The World War II Netherlands American Cemetery and Memorial Margraten is a war cemetery which lies in the village of Margraten 10 km (6 mi) east of Maastricht, in the most southern part of the Netherlands.
If you have never been there it is a well worth place visting. 8.301 brave men are buried there and there are another 2,000 or so memorials of men missing in action. You will feel humble when you leave.Every time I visited there as a child I only had one question”Why did those men give their lives for people living in a foreign land?”
One of those men was Private Walter Cline Wetzel.
Wetzel joined the Army from Roseville, Michigan in July 1941, and by April 3, 1945 was serving as a private first class in the 13th Infantry Regiment, 8th Infantry Division. On that day, in Birken, Germany, Wetzel smothered the blasts of German-thrown grenades with his body, sacrificing himself to protect those around him. He was posthumously awarded the Medal of Honor ten months later, on February 26, 1946, by President Harry S. Truman.
During the Allied advance into Germany at the beginning of April 1945, he purposely smothered enemy grenade blasts in order to protect his fellow soldiers and he died as a result at the age of 25. In addition to the Medal of Honor, he also was awarded the Purple Heart, the European-African-Middle Eastern Campaign Medal, and the World War II Victory Medal. His Medal of Honor citation reads:(the picture below is not the actual medal of honor)
“Pfc. Wetzel, an acting squad leader with the Antitank Company of the 13th Infantry, was guarding his platoon’s command post in a house at Birken, Germany, during the early morning hours of 3 April 1945, when he detected strong enemy forces moving in to attack. He ran into the house, alerted the occupants and immediately began defending the post against heavy automatic weapons fire coming from the hostile troops. Under cover of darkness the Germans forced their way close to the building where they hurled grenades, 2 of which landed in the room where Pfc. Wetzel and the others had taken up firing positions. Shouting a warning to his fellow soldiers, Pfc. Wetzel threw himself on the grenades and, as they exploded, absorbed their entire blast, suffering wounds from which he died. The supreme gallantry of Pfc. Wetzel saved his comrades from death or serious injury and made it possible for them to continue the defense of the command post and break the power of a dangerous local counterthrust by the enemy. His unhesitating sacrifice of his life was in keeping with the U.S. Army’s highest traditions of bravery and heroism.”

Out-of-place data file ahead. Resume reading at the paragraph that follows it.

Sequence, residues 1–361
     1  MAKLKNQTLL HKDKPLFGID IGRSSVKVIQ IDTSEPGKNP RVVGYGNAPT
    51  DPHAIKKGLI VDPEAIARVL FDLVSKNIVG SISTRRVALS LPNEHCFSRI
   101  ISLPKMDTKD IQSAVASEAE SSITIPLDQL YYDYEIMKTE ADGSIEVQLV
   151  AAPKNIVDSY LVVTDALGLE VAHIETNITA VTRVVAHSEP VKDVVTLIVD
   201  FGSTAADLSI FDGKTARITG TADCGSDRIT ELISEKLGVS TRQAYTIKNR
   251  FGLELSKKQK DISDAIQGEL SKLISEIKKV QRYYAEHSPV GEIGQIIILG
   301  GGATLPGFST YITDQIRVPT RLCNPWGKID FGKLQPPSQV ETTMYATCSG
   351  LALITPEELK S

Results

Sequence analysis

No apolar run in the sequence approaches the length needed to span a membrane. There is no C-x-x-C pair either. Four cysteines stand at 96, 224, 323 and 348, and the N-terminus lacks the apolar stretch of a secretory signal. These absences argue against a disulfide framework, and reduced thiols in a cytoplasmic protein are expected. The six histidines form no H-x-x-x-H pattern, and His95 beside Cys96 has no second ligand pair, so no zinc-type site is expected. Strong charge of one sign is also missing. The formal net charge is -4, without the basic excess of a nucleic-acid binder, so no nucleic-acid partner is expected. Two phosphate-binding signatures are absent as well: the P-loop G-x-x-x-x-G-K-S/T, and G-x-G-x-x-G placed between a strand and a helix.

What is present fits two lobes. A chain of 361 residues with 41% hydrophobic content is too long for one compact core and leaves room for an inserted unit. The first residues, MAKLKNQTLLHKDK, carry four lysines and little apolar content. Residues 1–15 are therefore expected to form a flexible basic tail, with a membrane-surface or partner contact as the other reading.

Dear sir I thank you for your sacrifice for I know now you did not sacrifice yourself for a foreign land but for a much greater good,freedom for all and the preservation of mankind. Because of you and your brothers in arms I grew up a free man.
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